At 9:13 am, a large group of 26 horses was spotted coming down from over the ridge, looking southwest. As they approached, we noticed a stallion from a smaller band trying to keep his group away from the large group due to a disagreement with another stallion. They were seen rearing up at each other. By 9:30 am, the horses slowly made their way into the wings without much hesitation. The band that was trying to keep them separated followed suit a few moments later, and they all entered the trap site.
By 9:45, the first trailer was loaded, and the horses seemed calm with minimal commotion. It's impressive how level-headed these horses are compared to others in different HMAs. One of the stallions walked right onto the trailer without any fuss. Note that in 2021, these horses were rounded up, processed, and freeze-branded, so some of them had gone through this before. The horses with freeze brands will be returned to the range.
At 10:20, a group of 12 horses was seen descending from the ridge to the southwest. When they neared the trap site, things became difficult. The pilot had trouble pushing them, and they trotted/cantered past the Lamb Ranch entrance up the hill, which was close to us. They then took off to the northwest, far from the trap. At 10:50, the pilot was still pushing the horses in that general area and started blaring his sirens, possibly trying to hide them between the trees. At 11 am, he successfully pushed them out of the area into the valley in front of us, but only 8 horses remained. The other 4 had escaped. Two stallions were leading their band, trying to catch up to the escaped horses, but they were getting tired and cantering slowly. They changed direction again, going south of us, with the pilot using his sirens once more. They went out of sight, with the helicopter still chasing them.
At 11:25, sirens were heard again, and at 11:30, the helicopter landed for fuel. At 11:35, it went back out, and sirens were heard once more. It was unusual to hear the sirens used so frequently. At 11:50, the pilot finally managed to push the horses down the ridge where we could see them. For a brief moment, one of the stallions led his family away from the helicopter, but ultimately, they were pushed down into the valley, and the pilot dropped this band.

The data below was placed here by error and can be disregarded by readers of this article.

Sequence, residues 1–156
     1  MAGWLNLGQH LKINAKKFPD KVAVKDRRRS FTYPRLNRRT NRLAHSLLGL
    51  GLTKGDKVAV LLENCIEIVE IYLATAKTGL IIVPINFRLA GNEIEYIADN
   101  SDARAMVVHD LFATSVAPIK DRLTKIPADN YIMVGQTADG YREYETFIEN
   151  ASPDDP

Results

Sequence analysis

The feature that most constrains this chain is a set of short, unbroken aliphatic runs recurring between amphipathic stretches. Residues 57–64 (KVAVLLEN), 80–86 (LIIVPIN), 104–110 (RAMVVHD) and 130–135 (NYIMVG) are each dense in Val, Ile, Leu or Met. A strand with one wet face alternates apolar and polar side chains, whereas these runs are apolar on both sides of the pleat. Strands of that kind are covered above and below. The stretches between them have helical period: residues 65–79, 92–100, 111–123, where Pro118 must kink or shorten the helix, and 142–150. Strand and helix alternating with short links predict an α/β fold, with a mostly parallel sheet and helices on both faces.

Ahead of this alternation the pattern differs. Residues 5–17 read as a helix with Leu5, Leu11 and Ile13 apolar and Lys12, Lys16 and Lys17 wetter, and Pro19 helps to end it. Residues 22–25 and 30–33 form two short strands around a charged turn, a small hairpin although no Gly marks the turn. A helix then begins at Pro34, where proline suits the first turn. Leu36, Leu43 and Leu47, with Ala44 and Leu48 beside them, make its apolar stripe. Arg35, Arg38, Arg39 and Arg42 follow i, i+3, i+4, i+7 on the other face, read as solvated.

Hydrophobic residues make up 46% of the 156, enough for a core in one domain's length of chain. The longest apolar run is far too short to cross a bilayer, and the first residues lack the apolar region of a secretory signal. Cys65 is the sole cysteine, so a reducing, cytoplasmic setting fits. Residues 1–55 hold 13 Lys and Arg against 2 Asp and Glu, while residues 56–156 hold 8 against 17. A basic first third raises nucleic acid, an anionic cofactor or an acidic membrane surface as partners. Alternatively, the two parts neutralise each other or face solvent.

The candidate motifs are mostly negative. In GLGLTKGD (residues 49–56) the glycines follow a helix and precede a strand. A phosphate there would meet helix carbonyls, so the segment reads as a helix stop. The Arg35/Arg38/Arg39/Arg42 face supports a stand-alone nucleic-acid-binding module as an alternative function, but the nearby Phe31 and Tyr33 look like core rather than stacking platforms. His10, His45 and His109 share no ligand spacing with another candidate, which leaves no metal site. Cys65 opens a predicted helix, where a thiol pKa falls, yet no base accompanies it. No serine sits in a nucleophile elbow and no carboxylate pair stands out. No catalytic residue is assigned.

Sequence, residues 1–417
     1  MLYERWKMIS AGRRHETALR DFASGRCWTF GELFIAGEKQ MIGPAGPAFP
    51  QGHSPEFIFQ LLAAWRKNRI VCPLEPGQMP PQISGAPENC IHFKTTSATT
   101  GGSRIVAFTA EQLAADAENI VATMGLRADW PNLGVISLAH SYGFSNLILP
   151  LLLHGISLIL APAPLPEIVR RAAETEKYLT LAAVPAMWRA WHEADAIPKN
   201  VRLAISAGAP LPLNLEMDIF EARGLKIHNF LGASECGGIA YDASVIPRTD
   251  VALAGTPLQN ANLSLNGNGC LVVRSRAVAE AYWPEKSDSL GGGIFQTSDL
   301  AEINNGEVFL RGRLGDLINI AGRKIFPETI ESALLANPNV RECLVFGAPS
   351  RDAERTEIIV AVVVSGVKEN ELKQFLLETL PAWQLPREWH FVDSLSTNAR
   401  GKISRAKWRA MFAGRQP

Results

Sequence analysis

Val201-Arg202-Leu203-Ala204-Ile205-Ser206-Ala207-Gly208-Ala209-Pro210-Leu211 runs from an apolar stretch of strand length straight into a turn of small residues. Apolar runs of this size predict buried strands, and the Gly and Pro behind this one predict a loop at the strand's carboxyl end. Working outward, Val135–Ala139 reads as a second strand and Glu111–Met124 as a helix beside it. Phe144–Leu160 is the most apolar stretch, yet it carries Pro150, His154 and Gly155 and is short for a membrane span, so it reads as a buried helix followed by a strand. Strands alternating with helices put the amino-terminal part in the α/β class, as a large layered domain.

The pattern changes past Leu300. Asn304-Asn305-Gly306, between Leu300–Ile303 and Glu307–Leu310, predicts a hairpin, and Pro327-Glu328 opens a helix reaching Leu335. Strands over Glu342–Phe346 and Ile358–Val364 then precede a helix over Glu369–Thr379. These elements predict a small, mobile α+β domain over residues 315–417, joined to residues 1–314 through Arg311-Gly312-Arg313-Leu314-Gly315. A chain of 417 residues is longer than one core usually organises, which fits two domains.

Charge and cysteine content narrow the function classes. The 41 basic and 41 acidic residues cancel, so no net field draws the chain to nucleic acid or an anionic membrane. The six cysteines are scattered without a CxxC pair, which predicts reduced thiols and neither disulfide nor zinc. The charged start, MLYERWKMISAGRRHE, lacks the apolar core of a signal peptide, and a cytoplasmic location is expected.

In total, the horses were pushed continuously (with a brief refueling break of 3 minutes) for nearly an hour and a half. These horses didn't seem to care about the helicopter, showing no fear and refusing to get close to the general trap area. It's remarkable how level-headed, calm, stubborn, and smart these horses are in this particular HMA.
The pilot took off again to find more horses, and initially, he was seen with a band of 6 horses, but when he approached the trap, he only brought in two stallions. The roundup concluded at 1 pm.
August 17, 2023: 9 Horses Were Captured
Today, we met the BLM at 6:45 am at the Burns district office. The trap site, located about 50 miles northeast of Burns, saw the arrival of 6 other members of the public. During the first run, the helicopter successfully herded 9 horses into the trap. These horses approached the trap site at a trot or light canter and appeared relatively calm. However, the trap site was partially obstructed by a large stack of hay bales.
During the second run, around 9:45 am, I observed the pilot working with several different bands, one of which consisted of approximately 18 horses. While the pilot was focused on the larger group, the other two smaller bands took off into the hills. These horses had been through roundups before, so they seemed familiar with the situation.
The stallions in the band did not seem bothered and often trotted, walked, or stood still even with the helicopter close by. Despite numerous attempts to bring them back to the trap site, the strong winds made it difficult, and the decision was made to conclude the roundup for the day. The team spent at least 30 minutes trying to bring this particular band in.